The organisation announced back in July that following random testing of 50 consumer products it had found a banned substance in one product, although it was not prepared to name the product or the substance.
IFRA’s investigation concluded that the product did definitely contain a recently banned substance, but after contacting the manufacturer and the fragrance supplier it had to then determine whether or not it was a case of non-compliance with the IFRA code of practice.
The organisation said that both the supplier and the manufacturer fully complied with the investigation, whereby it was established that the fragrance containing the substance in question was actually supplied before the IFRA standard was implemented.
IFRA prepared to 'name and shame'
At the beginning of the investigation, IFRA had said that if it did not have full compliance from either the manufacturer or the supplier, it would have no problem to ‘name and shame’.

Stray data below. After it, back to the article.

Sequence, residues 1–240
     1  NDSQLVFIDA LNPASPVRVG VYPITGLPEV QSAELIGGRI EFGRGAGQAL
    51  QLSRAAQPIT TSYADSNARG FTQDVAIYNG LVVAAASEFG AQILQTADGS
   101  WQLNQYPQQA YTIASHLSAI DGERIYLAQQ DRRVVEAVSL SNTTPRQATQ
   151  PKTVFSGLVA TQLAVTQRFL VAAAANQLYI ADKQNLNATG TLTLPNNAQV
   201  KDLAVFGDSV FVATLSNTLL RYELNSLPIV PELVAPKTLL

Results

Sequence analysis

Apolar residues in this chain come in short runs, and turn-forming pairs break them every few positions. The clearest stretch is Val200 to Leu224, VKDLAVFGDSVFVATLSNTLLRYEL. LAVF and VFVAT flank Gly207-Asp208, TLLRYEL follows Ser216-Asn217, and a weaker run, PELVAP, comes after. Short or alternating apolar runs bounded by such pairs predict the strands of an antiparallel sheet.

From its investigation the organisation was able to conclude that the supplier was fully compliant with its code of practice and not liable to disciplinary action.
Ensure compliance for safety standards
“This incident demonstrates that the IFRA Compliance Programme is robust and effective ensuring that IfRA standars are adhered to worldwide and that consumers can continue to enjoy the safe use of fragrances,” said Jean-Pierre Houri, IFRA director general.
About 90 percent of fragrances in the global marketplace are manufactured by IFRA members who are obliged to comply with the code, so although the association has no legal standing its influence is wide reaching.
Last year, when two cycles of 100 percent compliance had been reported, IFRA said self regulation had two advantages: compliance was high and standards were stricter than wider regulation.
“We ban more then the EU. On receiving new science about the safety of an ingredient we can move within a year, much faster than government,” said Stephen Weller, director of communications at IFRA.